When Lebanon’s fertile fields are again green, ploughed, sowed, guarded and harvested by our men and women.
When our factories are re-opened, productive, and run only by Lebanese hands.
When our borders are patrolled solely by the Lebanese army and security forces,
When all militias, Lebanese and non-Lebanese, are disarmed and dismantled,
When the law of the land and the legitimate authority of a sovereign Lebanese people are fully and independently applied and enforced on all Lebanon’s soil.
When conscientious and patriotic Members of Parliament (MPs) are elected freely by the people who deserve MPs who, in turn, understand that they have the obligation and the privilege to represent the people’s hopes, aspirations and wishes.
When Lebanon’s markets are open for the country’s products with no foreign hegemony or unfair and arbitrary competition.
When Lebanon’s judiciary is fair, unbiased and non-politicized, and when the judiciary and judges fully respect the constitution and abide by the law of the land and the Charter of Human Rights.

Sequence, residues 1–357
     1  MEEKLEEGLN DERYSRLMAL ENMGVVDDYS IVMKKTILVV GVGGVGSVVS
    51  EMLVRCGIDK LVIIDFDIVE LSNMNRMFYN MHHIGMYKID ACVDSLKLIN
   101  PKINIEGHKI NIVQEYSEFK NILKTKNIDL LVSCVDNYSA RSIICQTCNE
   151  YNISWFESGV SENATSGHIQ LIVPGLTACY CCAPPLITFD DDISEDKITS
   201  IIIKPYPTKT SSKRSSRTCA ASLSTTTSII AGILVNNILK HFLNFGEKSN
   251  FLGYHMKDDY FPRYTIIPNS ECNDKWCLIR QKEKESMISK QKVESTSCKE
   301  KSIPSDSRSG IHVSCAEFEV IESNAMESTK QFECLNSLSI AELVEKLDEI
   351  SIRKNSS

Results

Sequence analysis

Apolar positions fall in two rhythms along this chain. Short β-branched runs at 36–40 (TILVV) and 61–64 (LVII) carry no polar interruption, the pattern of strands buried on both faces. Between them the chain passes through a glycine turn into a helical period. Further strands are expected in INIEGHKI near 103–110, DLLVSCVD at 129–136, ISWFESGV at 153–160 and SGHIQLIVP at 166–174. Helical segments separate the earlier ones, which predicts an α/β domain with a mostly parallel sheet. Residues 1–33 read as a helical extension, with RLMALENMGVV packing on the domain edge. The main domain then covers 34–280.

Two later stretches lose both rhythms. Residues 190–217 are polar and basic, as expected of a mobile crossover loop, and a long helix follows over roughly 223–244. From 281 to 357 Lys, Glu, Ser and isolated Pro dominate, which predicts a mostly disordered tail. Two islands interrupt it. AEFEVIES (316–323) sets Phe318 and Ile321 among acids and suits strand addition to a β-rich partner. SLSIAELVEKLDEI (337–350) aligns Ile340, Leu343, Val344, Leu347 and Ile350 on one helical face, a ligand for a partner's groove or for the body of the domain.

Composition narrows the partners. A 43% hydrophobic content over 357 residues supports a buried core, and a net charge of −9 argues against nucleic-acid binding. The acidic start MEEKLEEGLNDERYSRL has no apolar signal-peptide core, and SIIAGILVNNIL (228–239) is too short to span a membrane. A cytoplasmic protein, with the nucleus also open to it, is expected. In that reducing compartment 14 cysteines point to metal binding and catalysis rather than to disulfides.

When Lebanese identity is honored and hailed by all the Lebanese communities, and is placed above all other political, regional, ethnic and religious affiliations.
Then, and only then, we can rest our case for the struggle.
Let us all pray that the birth of Our Lord Jesus will coincide this year with the re-birth of a new Lebanon that is free, independent and sovereign.
On the Holy Christmas Day, Let us pray for Peace, tranquility, Love, Forgiveness and prosperity all over the world .